Release Date: 5/6/2003


TITUSVILLE, Fla. (May 6, 2003) – In its first year, the Space Alliance Technology Outreach Program (SATOP), which makes available the expertise of the U.S. space program to small businesses, contributed an economic impact of $59 million to the national economy. SATOP’s assistance also saved or created 315 jobs nationwide.

The findings were reported in the program's recent economic impact study conducted by Zabik and Associates, utilizing data furnished by the Center for Research and Public Policy. The study covers the period of October 2001 through September 2002.

Designed to speed the transfer of space program technology to the private sector, SATOP provides free engineering assistance to small businesses with technical challenges through the donations of time and expertise from 34 Space Alliance Partners. SATOP centers are located in Titusville, Fla.; Houston, Texas; Syracuse, N.Y.; and Santa Fe, N.M.

Examples of the 194 small businesses that received assistance from SATOP during its first year include:

• Sunguard Shade Structures, Inc. in Sarasota, Fla., was in danger of having to scrap an entire product line until the company received help from SATOP. Sunguard, which manufactures shade structures used by such diverse entities as daycare centers and the U.S. military, had developed a new cantilever shading system called “Shadowing” for use at auto dealerships, parking lots, and around swimming pools.

The company was unable to create an attractive and functional mechanism to lock the cover fabric into place on the metal structure. Assistance provided through SATOP gave Sunguard a locking mechanism that did away with unsightly fasteners, provided for a seamless fit and made the shade easier to install.

The new design also can withstand 150-mph winds, as required by the state in certain locations. Sunguard president Kevin Connelly predicts that ShadoWing could double sales this year.

• Sentry Technology Corporation, a video surveillance company in Hauppauge, N.Y., was able to improve the design and reliability of its video surveillance systems with help from SATOP.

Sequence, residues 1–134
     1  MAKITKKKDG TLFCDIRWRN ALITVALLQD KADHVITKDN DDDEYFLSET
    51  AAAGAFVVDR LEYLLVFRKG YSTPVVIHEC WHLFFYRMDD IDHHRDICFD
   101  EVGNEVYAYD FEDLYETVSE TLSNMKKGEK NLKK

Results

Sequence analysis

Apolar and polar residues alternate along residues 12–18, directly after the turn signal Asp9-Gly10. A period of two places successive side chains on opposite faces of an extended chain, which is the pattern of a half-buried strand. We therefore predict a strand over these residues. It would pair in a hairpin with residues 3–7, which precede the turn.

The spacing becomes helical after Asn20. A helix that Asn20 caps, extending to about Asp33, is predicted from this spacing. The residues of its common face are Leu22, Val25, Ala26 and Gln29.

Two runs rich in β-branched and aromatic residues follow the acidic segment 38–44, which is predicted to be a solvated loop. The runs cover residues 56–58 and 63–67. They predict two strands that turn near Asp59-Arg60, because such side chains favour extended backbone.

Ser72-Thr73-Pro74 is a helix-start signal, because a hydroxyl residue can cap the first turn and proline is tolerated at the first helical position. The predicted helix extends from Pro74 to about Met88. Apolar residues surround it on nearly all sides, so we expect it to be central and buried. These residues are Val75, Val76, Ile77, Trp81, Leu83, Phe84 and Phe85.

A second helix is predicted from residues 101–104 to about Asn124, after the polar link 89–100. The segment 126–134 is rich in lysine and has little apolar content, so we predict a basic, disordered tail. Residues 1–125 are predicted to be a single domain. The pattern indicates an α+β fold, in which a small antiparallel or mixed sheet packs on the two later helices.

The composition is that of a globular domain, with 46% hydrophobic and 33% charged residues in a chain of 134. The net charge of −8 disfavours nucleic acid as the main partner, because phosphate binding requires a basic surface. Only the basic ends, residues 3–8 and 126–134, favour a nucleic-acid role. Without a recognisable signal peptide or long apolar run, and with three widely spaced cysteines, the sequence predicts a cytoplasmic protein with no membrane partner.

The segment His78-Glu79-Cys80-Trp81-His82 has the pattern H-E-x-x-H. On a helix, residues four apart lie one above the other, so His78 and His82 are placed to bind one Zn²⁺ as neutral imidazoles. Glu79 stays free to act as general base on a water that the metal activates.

With input from a senior materials engineer at United Space Alliance at Kennedy Space Center, Sentry created a video camera that is faster and quieter and has better video quality.

• LaSys Inc., a small business founded to creative highly sensitive sensors using a unique composite material, is developing an ultra sensitive hand-held pathogen detector after receiving help from SATOP.

The Las Cruces, N.M. company needed to prove that the device would detect microbial organisms. SATOP provided assistance from Dr. Geoffrey Smith, a microbiologist and Biology Department associate professor at New Mexico State University. The results of Dr. Smith’s studies will be specifically adapted to LaSys’ optical detector technology.

• Mission Technologies, Inc., in San Antonio, Texas received assistance from SATOP to improve a compact reconnaissance and surveillance system so that it would meet U.S. Department of Defense (DOD) requirements.

Mission Technologies had developed the unmanned aerial vehicle system to be small enough to transport in a soldier’s backpack and sophisticated enough to transmit real-time reconnaissance, intelligence and surveillance data to field commanders and ground personnel.

With SATOP’s help, the company was able to reduce the weight and size of the launcher from 35 pounds to 10 pounds in order to meet the DOD’s requirements.

Thus far, Mission Technologies has delivered three of the systems that include the new launcher.

“The results of the economic impact study confirm what we know from working with small businesses on a daily basis – we are helping those companies succeed and grow and contribute to the American economy,” said Paul Secor, SATOP director.